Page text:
Opinion: CrafterBlue’s rubber strap is a good choice. Some will find the thickness of the strap lacks the finesse of more expensive straps, while others will feel the rugged aesthetics perfectly accompany a divers watch. We believe the quality and finish of the Crafterblue are great at this price point.

Vanguard Speciality Straps – Tudor Black Bay Fitted Rubber Strap

Availabile from:  Price: $120

Vanguard are a relatively new company offering block integration straps for the Tudor Black bay.  The strap is supplied with an inexpensive tang buckle so it can be worn traditionally as a conventional strap, however it has been designed to be fitted to Tudors ‘deployant’ clasp if you have one (this only comes on Tudors that are bought with a leather strap). This does provide a flexible option if you have and appreciate the benefits of a deployant clasp. The silicone has a matt finish and felt similar to the Barton Silicone Elite strap. Vanguard offer these straps exclusively for the Black bay and their current range includes Red, black and blue variants.

Opinion: These straps offer a more elegant aesthetic than the Crafterblue with a softer silicone rubber.  Although the Vanguard straps didn’t match the quality of the Everest or RubberB straps it is half the price which represents good value. The buckle was the one area of weakness as we felt it let the strap down not being of commensurate quality.

Vanguard are in the process of substantially improving their strap and have been keen for feedback. As a consequence they are switching to a more premium rubber paired with a forged buckle. Vanguard are keen to share this with us as soon as its ready and when they do we will share the results of their hard work with you.

UPDATE: Vanguard have now revised their strap and we’ve had it on test – you can read about it here:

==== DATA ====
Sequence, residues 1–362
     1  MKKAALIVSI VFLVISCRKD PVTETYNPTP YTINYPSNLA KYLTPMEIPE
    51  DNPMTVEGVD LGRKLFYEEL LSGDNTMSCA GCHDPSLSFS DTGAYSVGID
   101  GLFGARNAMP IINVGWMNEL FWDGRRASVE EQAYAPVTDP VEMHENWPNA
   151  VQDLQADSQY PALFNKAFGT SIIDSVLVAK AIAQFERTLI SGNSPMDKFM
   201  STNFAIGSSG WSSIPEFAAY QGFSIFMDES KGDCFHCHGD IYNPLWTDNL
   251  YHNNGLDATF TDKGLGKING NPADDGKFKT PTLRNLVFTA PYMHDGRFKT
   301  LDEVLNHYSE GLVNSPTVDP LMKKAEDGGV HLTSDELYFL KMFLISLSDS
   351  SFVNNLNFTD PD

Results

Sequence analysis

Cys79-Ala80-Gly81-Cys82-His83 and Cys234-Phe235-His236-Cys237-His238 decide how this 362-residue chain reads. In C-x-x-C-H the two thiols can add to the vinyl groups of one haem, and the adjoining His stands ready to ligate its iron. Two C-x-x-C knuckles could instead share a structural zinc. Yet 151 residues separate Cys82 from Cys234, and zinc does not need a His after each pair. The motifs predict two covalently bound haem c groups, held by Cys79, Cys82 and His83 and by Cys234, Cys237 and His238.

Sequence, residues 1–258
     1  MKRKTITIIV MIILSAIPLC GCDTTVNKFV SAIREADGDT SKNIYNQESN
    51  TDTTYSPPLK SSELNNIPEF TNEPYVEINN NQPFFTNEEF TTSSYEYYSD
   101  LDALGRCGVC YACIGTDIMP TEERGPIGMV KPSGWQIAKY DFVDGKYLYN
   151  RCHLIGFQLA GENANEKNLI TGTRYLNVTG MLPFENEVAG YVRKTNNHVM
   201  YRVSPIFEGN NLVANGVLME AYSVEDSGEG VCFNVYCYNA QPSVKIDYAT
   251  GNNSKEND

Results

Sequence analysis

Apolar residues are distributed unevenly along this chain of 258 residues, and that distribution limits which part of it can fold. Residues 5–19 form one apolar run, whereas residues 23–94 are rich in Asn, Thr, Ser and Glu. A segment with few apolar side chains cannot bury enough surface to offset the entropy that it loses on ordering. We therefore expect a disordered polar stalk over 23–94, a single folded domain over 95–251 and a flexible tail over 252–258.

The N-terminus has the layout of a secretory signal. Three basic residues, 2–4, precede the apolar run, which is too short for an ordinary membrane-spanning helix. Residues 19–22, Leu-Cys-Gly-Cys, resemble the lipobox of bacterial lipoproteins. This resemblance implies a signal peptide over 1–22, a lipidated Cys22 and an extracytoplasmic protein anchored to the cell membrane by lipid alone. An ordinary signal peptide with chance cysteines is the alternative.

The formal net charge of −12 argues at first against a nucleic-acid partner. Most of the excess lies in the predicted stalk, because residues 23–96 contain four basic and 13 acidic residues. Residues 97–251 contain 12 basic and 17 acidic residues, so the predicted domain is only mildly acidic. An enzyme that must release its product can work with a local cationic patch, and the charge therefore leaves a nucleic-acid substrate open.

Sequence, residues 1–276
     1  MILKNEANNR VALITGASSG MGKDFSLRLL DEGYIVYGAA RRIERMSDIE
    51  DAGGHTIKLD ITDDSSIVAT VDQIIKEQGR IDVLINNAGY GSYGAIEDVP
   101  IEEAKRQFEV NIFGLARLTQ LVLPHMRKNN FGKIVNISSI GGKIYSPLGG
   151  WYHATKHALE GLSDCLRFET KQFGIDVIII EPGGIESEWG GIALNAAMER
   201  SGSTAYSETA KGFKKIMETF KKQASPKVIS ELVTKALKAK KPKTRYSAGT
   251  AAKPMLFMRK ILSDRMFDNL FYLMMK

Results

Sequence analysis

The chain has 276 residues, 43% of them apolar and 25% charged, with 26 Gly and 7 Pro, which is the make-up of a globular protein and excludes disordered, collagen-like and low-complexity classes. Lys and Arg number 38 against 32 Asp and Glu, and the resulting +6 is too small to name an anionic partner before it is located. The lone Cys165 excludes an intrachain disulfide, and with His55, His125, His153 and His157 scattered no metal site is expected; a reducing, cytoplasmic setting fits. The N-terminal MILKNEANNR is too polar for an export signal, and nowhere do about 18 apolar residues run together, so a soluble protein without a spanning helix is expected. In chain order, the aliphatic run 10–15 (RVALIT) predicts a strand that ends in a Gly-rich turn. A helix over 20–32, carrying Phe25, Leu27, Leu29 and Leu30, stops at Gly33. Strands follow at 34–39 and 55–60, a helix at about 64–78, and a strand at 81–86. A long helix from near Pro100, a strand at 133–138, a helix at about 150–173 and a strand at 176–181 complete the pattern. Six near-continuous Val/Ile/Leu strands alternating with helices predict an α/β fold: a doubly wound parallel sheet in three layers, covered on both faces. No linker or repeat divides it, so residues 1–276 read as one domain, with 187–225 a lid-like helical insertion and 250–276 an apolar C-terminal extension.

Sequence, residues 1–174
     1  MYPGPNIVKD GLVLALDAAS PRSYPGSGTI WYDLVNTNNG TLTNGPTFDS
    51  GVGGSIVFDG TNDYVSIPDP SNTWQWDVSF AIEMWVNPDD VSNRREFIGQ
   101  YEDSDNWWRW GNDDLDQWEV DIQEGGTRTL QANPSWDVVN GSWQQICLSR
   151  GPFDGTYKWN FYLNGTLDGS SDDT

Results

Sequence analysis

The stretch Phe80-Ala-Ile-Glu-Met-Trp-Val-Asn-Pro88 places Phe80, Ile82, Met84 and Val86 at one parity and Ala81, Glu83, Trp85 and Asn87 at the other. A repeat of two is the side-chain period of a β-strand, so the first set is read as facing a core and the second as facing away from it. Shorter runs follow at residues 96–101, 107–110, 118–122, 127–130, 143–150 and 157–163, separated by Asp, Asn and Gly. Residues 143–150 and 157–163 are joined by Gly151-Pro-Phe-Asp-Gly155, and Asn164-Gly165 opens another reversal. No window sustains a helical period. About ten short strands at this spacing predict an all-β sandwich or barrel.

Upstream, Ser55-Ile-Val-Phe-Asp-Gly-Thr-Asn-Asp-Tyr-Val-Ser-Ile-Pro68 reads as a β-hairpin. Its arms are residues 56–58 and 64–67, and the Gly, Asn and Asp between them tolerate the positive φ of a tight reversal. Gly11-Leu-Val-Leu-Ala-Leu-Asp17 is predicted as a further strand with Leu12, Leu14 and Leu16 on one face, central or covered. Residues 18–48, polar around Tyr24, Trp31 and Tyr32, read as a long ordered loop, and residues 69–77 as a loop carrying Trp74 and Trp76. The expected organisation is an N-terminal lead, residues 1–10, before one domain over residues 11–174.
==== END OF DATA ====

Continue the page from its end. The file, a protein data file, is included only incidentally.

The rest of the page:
Everest bands Vulcanised Rubber strap

Availabile from:  Price: £170

The Everest strap is clearly very well made. Its made from Vulcanised rubber which has distinctly different finish and feel to it than silicone rubber. This particular vulcanised rubber is extremely supple and very pliable allowing it to bend and flex comfortably to your wrist. The block integration is flawless and fitted our two Black bays perfectly. They have included a solid structure in the top of the strap to ensure the fitting remains rigid and installing and removing the strap is easy given the slot they have left. The strap tapers beautifully from the shoulders to the tip and Everest have included two keepers. Both are essentially ‘floating’ keepers that can move the length of the strap, however notches close to the buckle will allow one to remain as an initial keeper preventing it from moving without intent. Everest include an extremely well-engineered buckle. This appears to have been milled out of a single piece of steel and then brushed beautifully. It is very substantial and in keeping with the quality of the watch that the strap is intended to be fitted to. Closer inspection reveals the attention to detail for the design. The holes for the tang buckle are all at an angle and allow the strap to be secured without fear of tearing the rubber over time. The underside has a channel the length of the strap allowing sweat and moisture to escape.

Opinion: This is an extremely comfortable and well made strap. You could easily replace your existing strap with this and wear it all year round without compromise to comfort or quality.

RubberB Vulcanised Rubber deployant strap

Availabile from: Price: $250 plus $30 shipping (£213)

The RubberB strap is unlike most others on the market. The Vulcanised rubber texture of the strap has a more matt finish and doesn’t have a ‘sheen’ like others. It is extremely slender with a profile much like a fine leather strap rather than a traditional chunky rubber strap, and is extremely pliable & soft. It has been designed to integrate with the Tudor deployant buckle and once connected you would be forgiven for thinking that it is an OEM strap supplied and fitted by Tudor. The Block integration at the top is perfect and completes the look of the strap. As a premium rubber strap it complements the watch’s aesthetics and had a superb premium feel to it. This has the quality and comfort to wear all year round. One of RubberB’s options is a Dual colour strap. This provides a subtle contrast to a pure black strap and if chosen correctly, will accentuate the colour of the watch it’s paired with. This is definitely a strap that you can wear all year round as your only strap on the watch without compromising the look or feel.

Opinion: A fantastic strap whose quality, fit and finish match the watch it is attached to. This can comfortably replace your steel bracelet or leather strap as your only strap to be worn all year round, and should last a long time if cared for properly. We have selected this strap for a long term review and will be writing about this later in the year.

Bremont OEM Rubber strap